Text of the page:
Fundamentalism

بسم الله الرحمن الرحيم

مدونة رقم ٣٨

What is Fundamentalism?

Islamic Fundamentalism, or more precisely, Islamic Radicalism[1] has common features apparent in all religions. The fundamentalists are disenchanted with modernity. They believe in the literal truth of their text, and they commit to fundamentals. They believe in a cosmic struggle, and that they witness its climax and the coming of their redeemer. Lastly, they are uniquely aware of a major world conspiracy.[2] One might add their tendency to adopt violence, and end up liquidated by the beneficiaries of the status quo. This blog looks briefly on three thinkers, Taqi al-Din Ahmad ibn Taimiyya (1263-1328), Hasan al-Banna (1906-1947) and Sayyid Qutub (1906-1966), share most of these common features of fundamentalism. Ibn Taimiyya fits the criteria best.

Ibn Taimiyya witnessed an age of decline and defeat of Muslims by less civilized invaders. Crusaders then Mongols who ended the fragile Abbasid Caliphate. The Islamic institutions survived their presence. Materialistic and scientific Modernity went mostly from Muslims to these invaders. Ibn Taimiyya fought the heretical modernity and innovations embodied in Sufi worship of saints and Pantheism. He thought of them as the vanguards of the anti-Christ. He stated that Sufis precipitated the catastrophe of the Mongols as God’s punishment. Ibn Taimiyya denounced philosophers’ search for knowledge outside the revelation.[3]He strongly promoted Unitarian belief and the supremacy of the revelation over consensus, Ijma’ and logical analogy, Qiyas. He attacked bars and broke bottles of wine. He lived in an Islamic state that he sought to revive. Finally, he died in prison.

Hasan al-Banna was also a fundamentalist but with different priorities. He focused on liberation of Egypt and of Muslims and on creation of a free Islamic state.[4] Egypt was under direct and full control of the British, who installed their systems in government, education, and justice.[5] Banna established the most successful modern Islamic party, The Muslim Brotherhood. Banna appreciated this invader’s superior scientific, industrial and military achievements. He directed Muslims to stick to fundamentals and reject the British delinquent life and cultural influence. His group grew fast. The Muslim Brotherhood opened offices all over Egypt and offered medical care and basic needs. He adopted military struggle against corrupt officials and the British. The Brotherhood also supported the Palestinians in their fight against the Zionists.[6] The security police of the royal regime believed to have assassinated Banna. Sayyid Qutub succeeded him.

Sayyid Qutub leadership of the Brotherhood lived under Naser, a secular Egyptian ruler who imprisoned Qutub. This radicalized him watching his fellow Muslims tortured and killed. Qutub saw the world going back to Jahiliah or the time before the revelation,[7] and “buried under the debris of man-made traditions of several generations.”[8] . He stated that Democracy and Marxism are on the decline and Islam has the needed values to lead the world.[9] Qutub valued western scientific and industrial progress. He also preached using force against tyrants. Naser ordered him executed.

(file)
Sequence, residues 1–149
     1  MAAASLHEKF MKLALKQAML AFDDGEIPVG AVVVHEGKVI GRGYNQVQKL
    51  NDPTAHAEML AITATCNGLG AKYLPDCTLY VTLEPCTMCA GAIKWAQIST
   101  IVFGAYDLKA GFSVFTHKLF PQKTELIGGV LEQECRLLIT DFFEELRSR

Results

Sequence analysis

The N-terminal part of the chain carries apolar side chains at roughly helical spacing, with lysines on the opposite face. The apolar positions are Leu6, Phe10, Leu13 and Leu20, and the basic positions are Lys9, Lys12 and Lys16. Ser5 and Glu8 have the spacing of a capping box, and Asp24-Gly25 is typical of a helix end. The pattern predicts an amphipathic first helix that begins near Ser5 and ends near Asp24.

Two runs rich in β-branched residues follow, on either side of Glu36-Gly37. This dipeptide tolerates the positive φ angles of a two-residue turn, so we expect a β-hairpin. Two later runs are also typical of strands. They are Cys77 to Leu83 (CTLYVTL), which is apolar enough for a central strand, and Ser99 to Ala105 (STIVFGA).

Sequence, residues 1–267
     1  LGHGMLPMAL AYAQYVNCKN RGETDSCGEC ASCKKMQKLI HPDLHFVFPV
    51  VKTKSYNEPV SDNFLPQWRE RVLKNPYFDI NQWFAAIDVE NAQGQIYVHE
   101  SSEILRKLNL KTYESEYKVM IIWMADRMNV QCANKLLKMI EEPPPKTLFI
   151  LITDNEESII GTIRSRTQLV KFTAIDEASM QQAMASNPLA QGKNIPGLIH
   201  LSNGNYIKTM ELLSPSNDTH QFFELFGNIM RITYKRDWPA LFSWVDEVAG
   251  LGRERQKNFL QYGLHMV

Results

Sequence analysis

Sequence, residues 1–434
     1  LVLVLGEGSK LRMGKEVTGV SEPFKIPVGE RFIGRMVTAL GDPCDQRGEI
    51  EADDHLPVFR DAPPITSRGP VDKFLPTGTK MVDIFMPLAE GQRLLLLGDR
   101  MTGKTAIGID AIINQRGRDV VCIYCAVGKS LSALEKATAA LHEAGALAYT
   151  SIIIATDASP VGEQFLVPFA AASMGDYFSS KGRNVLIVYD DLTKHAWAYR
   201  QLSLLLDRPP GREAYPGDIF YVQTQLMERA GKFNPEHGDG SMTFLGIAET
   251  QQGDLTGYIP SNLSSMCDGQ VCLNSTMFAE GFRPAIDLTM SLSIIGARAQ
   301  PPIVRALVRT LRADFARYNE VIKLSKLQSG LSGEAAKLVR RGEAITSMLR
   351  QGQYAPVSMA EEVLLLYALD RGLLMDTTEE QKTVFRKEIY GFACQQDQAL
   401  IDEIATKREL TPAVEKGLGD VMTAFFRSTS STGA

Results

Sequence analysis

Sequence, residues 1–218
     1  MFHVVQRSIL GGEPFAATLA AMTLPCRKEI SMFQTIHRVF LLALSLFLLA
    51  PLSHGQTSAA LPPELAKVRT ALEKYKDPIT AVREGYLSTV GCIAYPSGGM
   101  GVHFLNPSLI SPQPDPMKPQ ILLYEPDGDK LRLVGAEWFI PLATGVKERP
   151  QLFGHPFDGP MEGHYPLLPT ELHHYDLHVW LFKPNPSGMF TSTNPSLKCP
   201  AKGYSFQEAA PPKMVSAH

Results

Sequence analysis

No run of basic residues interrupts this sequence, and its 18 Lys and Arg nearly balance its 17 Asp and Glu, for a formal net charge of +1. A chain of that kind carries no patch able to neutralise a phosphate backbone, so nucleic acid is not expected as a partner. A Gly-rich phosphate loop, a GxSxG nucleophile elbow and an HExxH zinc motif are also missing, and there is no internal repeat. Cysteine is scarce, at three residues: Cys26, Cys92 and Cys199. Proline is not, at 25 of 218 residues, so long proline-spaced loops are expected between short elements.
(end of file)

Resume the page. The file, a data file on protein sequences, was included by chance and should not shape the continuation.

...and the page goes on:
In conclusion, among the three thinkers Ibn Taimiyya was the closest to fundamentalism. Their focus changed according to their conditions. While Ibn Taimiyya called on followers to activate Islamic institutions of a corrupt Muslim state, others called for building of an Islamic state. Banna and Qutub echoed the thoughts of Jamal al-Din al-Afghani (1838-1896) of pan-Islamism and rejection of western culture while accepting western scientific modernity. The thoughts of these thinkers still dominate and inspire various Islamic movements across the Muslim world.

نسأل الله التوفيق والرشاد

خالد الكيلاني

[1] Taqi al-Din Ahmad ibn Taimiyya, “Against Heretical Innovation” (14thCentury), in John Alden Williams, ed., The Word of Islam (Austin, TX: University of Texas Press, 1994), 164-69. Cited in The Middle East and Islamic World Reader, edited by Marvin Gettleman and Stuart Schaar (New York: Grove Press, 2012), 297

[2] Sebastian Prange, Nationalism and Fundamentalism in The Twentieth Century, UBC HIST280 Course, Lecture on Mar 23, 2015.

[3] Thaqi al-Din Ahmad ibn Taimiyya, “Against Heretical Innovation” (14thCentury), in John Alden Williams, ed., The Word of Islam (Austin, TX: University of Texas Press, 1994), 164-69. Cited in The Middle East and Islamic World Reader, edited by Marvin Gettleman and Stuart Schaar (New York: Grove Press, 2012), 299

[4] Hasan al-Banna, “Between yesterday and today,” (late 1930s), in Five tracts of Hasan al-Banna, edited and translated by Charles Wendell (Berkeley, CA: University of California Press, 1978), 27-28, 31-34. Cited in The Middle East and Islamic World Reader, edited by Marvin Gettleman and Stuart Schaar (New York: Grove Pres, 2012), 301.

[5] Hasan al-Banna, “Between yesterday and today,” (late 1930s), in Five tracts of Hasan al-Banna, edited and translated by Charles Wendell (Berkeley, CA: University of California Press, 1978), 27-28, 31-34. Cited in The Middle East and Islamic World Reader, edited by Marvin Gettleman and Stuart Schaar (New York: Grove Pres, 2012), 300.

[6] al-Banna, “Between Yesterday and Today,” 300.

[7] Sayyid Qutub, Milestones (1964, rev. ed,.Cedar Rapids, IA: Unity Publishing Co., n.d.), 7-13. Cited in The Middle East and Islamic World Reader, edited by Marvin Gettleman and Stuart Schaar (New York: Grove Press, 2012), 303.

[8] Qutb, Milestones, 305.

[9] Qutb, Milestones, 304.

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